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US Urges Pakistani Role in Afghan Peace Process

Afghanistan's deputy foreign minister Jawed Ludin (l) addresses a news conference with Pakistan's Foreign Secretary Salman Bashir and United States Special Envoy to Afghanistan and Pakistan Marc Grossman (r) in Islamabad, Aug 2, 2011

The United States is calling on Pakistan to play a vital role in the peace process in neighboring Afghanistan, where foreign forces have begun the process of withdrawal. Officials from all three countries met Tuesday in Islamabad for a fourth round of high-level talks focusing on a resolution to the 10-year conflict in Afghanistan.

While the diplomats from Pakistan, Afghanistan and the United States discussed a wide range of issues at Tuesday's meeting, the topic of reconciliation with elements of the Taliban took center stage.

With the deadline for the withdrawal of international combat troops from Afghanistan set for 2014, the government in Kabul is eager to find a resolution to the conflict.

Afghan Deputy Foreign Minister Jawed Ludin said he came to Islamabad carrying the message that there is a need to press ahead quickly, but also to make concrete progress toward ending the bloodshed.

"My message today was to bring a message of urgency," said Ludin. "That is reflective of the situation in my country. But also a message of cooperation that is result oriented. That produces the outcome that we want."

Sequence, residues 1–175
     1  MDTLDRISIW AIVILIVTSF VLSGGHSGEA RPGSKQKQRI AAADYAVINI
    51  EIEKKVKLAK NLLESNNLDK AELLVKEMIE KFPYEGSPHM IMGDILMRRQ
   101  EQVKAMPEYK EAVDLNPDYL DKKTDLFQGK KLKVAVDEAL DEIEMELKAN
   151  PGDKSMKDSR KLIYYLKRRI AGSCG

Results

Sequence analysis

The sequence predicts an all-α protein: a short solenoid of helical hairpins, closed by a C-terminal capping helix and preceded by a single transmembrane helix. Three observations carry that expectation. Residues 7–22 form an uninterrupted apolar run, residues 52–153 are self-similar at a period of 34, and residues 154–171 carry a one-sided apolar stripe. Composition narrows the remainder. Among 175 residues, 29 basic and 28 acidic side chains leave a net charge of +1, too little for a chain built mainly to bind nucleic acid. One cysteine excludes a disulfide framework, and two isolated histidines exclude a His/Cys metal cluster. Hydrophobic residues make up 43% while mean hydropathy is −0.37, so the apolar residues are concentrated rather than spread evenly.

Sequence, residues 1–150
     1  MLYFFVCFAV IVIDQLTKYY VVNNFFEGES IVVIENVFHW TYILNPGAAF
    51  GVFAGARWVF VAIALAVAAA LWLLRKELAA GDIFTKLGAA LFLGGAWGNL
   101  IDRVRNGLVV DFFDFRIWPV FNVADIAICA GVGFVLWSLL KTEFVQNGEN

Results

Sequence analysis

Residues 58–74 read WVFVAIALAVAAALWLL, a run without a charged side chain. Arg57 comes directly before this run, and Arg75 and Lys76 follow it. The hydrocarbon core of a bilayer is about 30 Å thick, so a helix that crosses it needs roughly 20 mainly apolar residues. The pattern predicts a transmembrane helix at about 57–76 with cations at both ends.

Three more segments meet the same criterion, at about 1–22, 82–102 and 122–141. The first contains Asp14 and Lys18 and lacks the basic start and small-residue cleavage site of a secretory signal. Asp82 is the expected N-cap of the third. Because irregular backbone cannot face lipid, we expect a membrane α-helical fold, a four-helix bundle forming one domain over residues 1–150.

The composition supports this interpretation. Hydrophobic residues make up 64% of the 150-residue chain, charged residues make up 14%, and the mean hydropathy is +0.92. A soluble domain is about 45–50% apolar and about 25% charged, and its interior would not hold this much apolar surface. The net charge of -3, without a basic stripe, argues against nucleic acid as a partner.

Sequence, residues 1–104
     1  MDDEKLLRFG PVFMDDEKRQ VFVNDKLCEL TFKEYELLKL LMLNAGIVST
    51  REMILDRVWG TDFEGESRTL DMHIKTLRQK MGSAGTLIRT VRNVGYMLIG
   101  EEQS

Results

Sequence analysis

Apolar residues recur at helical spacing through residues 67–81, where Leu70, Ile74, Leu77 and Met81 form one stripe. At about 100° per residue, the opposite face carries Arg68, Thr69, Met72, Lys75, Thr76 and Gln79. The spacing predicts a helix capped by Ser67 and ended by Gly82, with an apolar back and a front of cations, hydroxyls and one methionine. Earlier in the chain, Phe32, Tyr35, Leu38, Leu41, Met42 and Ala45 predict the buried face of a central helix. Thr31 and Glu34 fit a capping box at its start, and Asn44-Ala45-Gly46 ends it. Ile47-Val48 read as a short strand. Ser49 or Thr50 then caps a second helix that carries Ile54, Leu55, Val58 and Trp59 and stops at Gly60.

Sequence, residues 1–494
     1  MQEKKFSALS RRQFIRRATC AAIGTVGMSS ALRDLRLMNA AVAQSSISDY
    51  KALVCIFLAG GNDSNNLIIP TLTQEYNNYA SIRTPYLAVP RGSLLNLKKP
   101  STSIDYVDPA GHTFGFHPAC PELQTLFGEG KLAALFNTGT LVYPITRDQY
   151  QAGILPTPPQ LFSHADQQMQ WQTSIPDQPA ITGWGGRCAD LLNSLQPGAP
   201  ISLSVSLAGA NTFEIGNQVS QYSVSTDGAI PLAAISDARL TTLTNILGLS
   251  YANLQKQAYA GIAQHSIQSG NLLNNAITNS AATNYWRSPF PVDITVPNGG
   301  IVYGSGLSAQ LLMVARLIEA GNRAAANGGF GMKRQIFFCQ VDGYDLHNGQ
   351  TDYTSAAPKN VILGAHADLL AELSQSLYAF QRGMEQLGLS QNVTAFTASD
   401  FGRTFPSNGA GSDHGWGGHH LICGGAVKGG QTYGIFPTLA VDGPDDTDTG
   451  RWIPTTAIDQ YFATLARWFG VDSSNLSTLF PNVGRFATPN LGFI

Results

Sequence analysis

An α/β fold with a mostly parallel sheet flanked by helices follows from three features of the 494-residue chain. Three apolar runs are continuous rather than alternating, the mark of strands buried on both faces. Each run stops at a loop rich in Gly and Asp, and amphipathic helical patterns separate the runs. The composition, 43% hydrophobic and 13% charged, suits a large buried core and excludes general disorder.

The three sides said that the efforts to reach a peace deal must be led by the Afghans themselves, but assisted and supported by the other regional players.

U.S. Special Representative for Afghanistan and Pakistan Marc Grossman, who attended Tuesday's meeting, said it is important that Pakistan support the peace process. But he added that all of Afghanistan’s neighbors must play a part in securing an Afghan designed peace and Afghanistan's future prosperity.

"We believe, all three of us, that the neighbors and near-neighbors of Afghanistan have an extremely important role to play in supporting not just Afghan-led reconciliation, but the economic vision as well," said Grossman.

Officials say increasing regional trade could play an important role in Afghanistan's economic development, another key to achieving peace in a country where so many turn to drug production and the insurgency to make ends meet.

The American delegation at Tuesday's meeting also included U.S. Ambassador to Pakistan Cameron Munter and the newly-appointed U.S. ambassador to Afghanistan, Ryan Crocker.

With the fighting season in Afghanistan still very much active, the core group members agreed that another round of discussions should be held soon. They also outlined a series of wider talks aimed at bringing peace and stability to war-torn Afghanistan.